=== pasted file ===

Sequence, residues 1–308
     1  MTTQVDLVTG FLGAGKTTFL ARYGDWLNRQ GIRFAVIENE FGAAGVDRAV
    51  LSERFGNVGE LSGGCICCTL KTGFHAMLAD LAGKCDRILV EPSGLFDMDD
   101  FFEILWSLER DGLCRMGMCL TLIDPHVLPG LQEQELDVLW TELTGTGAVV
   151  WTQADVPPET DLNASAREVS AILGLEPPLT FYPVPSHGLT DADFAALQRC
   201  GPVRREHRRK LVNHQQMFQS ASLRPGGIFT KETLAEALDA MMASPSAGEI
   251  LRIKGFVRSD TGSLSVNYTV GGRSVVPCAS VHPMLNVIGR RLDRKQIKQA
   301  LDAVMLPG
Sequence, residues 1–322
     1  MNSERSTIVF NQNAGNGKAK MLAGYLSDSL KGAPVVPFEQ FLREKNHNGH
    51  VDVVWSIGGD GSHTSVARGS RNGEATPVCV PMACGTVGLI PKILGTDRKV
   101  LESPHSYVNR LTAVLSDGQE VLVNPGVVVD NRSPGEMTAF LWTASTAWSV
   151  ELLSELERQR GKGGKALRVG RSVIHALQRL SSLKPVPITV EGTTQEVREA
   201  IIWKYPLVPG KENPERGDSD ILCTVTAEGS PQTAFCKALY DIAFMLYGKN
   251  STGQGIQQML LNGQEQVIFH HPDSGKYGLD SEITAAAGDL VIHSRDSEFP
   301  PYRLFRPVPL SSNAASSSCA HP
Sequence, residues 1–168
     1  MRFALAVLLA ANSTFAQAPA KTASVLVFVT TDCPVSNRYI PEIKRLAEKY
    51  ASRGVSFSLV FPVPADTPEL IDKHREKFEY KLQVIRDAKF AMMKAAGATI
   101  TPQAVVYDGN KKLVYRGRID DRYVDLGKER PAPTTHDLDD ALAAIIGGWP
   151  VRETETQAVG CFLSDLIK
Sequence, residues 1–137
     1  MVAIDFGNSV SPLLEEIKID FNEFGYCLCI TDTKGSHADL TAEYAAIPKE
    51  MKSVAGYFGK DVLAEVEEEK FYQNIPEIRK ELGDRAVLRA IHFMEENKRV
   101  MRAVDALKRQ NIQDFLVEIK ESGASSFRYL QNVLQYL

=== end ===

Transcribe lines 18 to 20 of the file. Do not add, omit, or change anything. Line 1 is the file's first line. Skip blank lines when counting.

     1  MRFALAVLLA ANSTFAQAPA KTASVLVFVT TDCPVSNRYI PEIKRLAEKY
    51  ASRGVSFSLV FPVPADTPEL IDKHREKFEY KLQVIRDAKF AMMKAAGATI
   101  TPQAVVYDGN KKLVYRGRID DRYVDLGKER PAPTTHDLDD ALAAIIGGWP